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Garcia shoots 65 at 'Car-Nicely,' Tiger lurking

Garcia was two shots clear of Ireland's Paul McGinley, a Ryder Cup stalwart who has never done much individually but shot 67. McIlroy was among the group another shot back, joined by U.S. Open champion Angel Cabrera and the guy who won the American title two years ago, Michael Campbell.

Then there's John Daly, whose 1995 British Open victory is one of the highlights of his troubled career.

He briefly surged to the top of the leaderboard by holing out a short wedge for eagle at No. 11. That was followed by a stretch that epitomized his up-and-down life: double-bogey, par, triple-bogey, bogey, bogey, par, bogey. He settled for a 74 and hustled by reporters without talking.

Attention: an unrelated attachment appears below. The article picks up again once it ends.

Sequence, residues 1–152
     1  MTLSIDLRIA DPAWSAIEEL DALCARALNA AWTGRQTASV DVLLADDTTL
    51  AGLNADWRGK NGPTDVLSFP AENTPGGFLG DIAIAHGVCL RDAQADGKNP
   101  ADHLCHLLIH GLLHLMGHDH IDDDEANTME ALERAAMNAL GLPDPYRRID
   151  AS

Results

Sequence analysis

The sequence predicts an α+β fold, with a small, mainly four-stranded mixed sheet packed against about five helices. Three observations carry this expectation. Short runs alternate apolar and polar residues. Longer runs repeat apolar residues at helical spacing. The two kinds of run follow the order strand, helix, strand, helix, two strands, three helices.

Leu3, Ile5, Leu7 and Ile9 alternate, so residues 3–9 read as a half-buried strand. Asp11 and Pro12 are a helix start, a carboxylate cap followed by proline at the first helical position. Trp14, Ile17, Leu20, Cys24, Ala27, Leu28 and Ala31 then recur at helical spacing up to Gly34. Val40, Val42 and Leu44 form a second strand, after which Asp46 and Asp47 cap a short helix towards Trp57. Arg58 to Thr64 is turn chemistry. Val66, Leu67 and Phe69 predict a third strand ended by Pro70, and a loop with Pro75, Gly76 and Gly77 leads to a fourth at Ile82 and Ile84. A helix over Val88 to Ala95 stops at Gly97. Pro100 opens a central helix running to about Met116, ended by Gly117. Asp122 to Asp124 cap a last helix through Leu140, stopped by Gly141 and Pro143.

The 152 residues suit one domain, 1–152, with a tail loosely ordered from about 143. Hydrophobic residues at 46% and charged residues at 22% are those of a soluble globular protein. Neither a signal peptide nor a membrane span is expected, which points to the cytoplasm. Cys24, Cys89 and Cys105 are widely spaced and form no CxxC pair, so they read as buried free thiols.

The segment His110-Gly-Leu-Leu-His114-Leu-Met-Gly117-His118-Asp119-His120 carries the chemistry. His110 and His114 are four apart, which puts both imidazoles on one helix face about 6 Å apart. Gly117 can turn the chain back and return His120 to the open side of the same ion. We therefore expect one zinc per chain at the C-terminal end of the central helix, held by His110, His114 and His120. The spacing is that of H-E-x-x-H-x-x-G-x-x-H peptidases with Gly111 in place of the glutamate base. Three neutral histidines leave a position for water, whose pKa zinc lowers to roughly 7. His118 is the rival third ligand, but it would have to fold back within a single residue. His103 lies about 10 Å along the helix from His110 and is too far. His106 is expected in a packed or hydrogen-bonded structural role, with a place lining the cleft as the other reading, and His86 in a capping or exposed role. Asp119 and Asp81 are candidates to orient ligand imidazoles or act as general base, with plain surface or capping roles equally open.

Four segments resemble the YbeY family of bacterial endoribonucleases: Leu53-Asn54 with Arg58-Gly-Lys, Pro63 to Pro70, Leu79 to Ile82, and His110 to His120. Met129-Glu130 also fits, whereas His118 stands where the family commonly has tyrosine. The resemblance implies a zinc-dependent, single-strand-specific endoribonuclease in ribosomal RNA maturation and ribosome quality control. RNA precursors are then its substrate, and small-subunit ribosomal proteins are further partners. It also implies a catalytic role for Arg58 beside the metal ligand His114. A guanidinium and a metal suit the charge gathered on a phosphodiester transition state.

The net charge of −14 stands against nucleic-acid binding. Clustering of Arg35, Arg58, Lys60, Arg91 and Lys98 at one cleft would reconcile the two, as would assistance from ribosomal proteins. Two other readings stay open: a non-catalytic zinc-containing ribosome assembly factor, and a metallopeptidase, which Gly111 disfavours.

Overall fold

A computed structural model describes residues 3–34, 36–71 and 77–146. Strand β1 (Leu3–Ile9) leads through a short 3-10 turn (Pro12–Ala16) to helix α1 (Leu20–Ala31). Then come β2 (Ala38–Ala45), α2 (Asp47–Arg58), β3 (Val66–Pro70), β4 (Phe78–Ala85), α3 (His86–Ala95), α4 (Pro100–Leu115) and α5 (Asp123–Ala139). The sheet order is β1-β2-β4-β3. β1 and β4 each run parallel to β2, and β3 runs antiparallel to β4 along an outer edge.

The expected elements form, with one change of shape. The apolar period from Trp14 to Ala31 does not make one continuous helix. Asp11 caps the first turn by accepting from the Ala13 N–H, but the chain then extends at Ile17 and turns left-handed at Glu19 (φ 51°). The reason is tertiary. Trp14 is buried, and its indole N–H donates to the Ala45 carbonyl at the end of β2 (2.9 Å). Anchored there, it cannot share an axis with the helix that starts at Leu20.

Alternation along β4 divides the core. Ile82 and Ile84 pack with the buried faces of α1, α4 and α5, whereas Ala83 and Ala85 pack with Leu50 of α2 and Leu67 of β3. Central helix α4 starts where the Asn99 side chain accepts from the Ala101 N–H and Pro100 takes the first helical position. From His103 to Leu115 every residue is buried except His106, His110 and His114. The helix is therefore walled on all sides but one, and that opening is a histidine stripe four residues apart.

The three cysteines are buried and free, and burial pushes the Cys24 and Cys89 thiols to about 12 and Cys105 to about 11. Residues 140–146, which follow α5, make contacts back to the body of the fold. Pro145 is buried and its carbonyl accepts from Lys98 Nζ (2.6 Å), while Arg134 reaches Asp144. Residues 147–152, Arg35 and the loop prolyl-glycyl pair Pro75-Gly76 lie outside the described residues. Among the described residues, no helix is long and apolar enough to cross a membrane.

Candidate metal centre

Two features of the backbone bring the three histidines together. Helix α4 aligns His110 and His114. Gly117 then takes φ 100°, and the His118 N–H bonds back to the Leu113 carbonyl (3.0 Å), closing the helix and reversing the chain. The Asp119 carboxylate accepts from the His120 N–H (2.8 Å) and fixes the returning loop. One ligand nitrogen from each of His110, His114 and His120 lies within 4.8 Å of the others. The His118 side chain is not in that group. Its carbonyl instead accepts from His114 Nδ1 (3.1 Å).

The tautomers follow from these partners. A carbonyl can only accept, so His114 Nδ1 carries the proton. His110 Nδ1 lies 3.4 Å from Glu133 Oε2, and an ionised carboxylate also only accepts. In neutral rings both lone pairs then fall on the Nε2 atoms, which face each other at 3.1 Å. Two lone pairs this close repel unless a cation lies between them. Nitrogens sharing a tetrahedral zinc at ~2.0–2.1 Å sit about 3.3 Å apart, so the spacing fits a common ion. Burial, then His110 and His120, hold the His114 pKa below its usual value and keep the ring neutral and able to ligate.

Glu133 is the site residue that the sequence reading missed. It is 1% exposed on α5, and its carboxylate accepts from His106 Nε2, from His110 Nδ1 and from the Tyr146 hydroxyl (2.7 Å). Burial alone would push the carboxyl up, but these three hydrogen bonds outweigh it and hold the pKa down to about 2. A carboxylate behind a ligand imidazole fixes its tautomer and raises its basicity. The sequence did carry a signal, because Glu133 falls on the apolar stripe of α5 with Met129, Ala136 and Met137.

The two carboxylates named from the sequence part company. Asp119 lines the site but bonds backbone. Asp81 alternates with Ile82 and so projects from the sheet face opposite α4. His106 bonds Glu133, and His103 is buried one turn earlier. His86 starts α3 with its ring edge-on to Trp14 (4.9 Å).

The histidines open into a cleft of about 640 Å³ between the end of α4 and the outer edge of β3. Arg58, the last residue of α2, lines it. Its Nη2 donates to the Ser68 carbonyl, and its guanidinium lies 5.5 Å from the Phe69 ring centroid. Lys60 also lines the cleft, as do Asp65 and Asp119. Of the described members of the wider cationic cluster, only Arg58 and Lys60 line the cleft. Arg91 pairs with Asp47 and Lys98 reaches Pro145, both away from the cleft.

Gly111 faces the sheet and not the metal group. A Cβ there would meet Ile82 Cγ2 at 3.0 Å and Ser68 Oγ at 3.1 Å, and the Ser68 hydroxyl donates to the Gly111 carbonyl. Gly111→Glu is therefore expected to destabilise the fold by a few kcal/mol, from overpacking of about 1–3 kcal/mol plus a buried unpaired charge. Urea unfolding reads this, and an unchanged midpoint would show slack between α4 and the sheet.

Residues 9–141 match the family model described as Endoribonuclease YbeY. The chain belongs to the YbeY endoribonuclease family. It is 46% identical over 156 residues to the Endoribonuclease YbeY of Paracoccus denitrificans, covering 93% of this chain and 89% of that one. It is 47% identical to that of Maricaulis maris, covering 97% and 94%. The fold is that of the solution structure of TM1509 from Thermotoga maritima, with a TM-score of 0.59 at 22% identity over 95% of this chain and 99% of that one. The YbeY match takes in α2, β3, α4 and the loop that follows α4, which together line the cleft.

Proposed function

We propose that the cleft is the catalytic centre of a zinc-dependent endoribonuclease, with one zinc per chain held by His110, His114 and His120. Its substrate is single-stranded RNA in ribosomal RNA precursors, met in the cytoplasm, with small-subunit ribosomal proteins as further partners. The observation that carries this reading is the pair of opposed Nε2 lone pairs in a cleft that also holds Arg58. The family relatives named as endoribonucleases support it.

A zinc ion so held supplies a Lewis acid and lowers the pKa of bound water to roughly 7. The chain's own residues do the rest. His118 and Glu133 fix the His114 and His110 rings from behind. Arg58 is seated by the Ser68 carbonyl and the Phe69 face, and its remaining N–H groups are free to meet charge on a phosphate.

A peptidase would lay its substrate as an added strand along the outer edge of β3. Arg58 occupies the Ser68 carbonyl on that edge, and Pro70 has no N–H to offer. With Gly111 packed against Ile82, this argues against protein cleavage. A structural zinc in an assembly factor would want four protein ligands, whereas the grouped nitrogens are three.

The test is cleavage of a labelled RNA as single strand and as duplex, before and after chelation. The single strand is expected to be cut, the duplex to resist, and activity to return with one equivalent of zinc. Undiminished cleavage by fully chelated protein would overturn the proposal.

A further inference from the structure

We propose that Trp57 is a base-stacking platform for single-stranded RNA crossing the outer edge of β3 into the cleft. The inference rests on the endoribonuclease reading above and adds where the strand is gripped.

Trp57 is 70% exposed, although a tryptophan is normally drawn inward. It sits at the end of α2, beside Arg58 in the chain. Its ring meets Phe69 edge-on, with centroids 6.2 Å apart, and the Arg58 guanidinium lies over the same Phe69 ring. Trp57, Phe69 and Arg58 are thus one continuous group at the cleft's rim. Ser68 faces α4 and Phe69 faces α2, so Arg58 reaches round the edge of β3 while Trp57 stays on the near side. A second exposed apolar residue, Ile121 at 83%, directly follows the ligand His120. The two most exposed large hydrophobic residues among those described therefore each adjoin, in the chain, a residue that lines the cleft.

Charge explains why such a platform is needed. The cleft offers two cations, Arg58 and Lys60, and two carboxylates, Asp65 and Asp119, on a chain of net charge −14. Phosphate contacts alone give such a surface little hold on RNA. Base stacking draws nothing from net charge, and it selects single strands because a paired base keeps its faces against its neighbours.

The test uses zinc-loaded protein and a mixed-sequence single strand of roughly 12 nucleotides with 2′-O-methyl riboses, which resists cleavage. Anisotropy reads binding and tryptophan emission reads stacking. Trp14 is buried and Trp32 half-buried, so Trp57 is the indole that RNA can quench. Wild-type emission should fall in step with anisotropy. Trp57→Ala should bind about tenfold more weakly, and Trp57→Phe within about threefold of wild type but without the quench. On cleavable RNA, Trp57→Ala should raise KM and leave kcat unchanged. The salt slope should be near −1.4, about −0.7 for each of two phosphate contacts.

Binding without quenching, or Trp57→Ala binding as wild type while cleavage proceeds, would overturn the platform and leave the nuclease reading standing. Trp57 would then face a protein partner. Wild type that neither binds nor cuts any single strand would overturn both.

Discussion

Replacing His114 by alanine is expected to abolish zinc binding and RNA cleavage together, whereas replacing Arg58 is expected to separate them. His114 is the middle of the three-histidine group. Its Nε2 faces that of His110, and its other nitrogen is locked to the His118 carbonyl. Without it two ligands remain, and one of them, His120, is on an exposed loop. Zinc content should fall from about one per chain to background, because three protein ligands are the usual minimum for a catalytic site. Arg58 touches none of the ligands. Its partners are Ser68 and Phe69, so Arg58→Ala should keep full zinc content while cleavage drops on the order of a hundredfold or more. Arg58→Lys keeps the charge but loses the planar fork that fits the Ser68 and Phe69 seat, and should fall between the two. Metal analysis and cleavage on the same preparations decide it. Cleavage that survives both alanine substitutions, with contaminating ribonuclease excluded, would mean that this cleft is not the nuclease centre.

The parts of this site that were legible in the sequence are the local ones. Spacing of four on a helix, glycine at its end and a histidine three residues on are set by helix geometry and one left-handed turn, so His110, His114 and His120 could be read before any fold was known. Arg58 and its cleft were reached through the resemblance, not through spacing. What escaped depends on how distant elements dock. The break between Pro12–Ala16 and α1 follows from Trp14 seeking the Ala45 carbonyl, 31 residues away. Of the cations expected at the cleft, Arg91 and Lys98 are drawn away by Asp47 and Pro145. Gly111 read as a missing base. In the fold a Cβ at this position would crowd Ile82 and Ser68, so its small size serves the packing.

Campbell sank three long birdie putts, then hit a wonderful approach to 3 feet at the tough 17th hole for his final birdie. He's eager to show that his 2005 win at Pinehurst — when he held off Woods on the final day — wasn't a fluke.

"Setting the goal of winning a major was probably a mistake," said Campbell, wearing a hot pink shirt. "I should have said 'majors."'

Going out in the morning, Woods looked as though he was on his way to pop a casserole in the oven. Like several of his competitors, he wore oversized gloves to keep his hands warm between shots in damp, dreary conditions.

Of course, after the searing heat of Royal St. George's in 2003 and the sun-baked fairways of Royal Liverpool last year, this seemed more like a British Open, a Scottish summer in all its glory.

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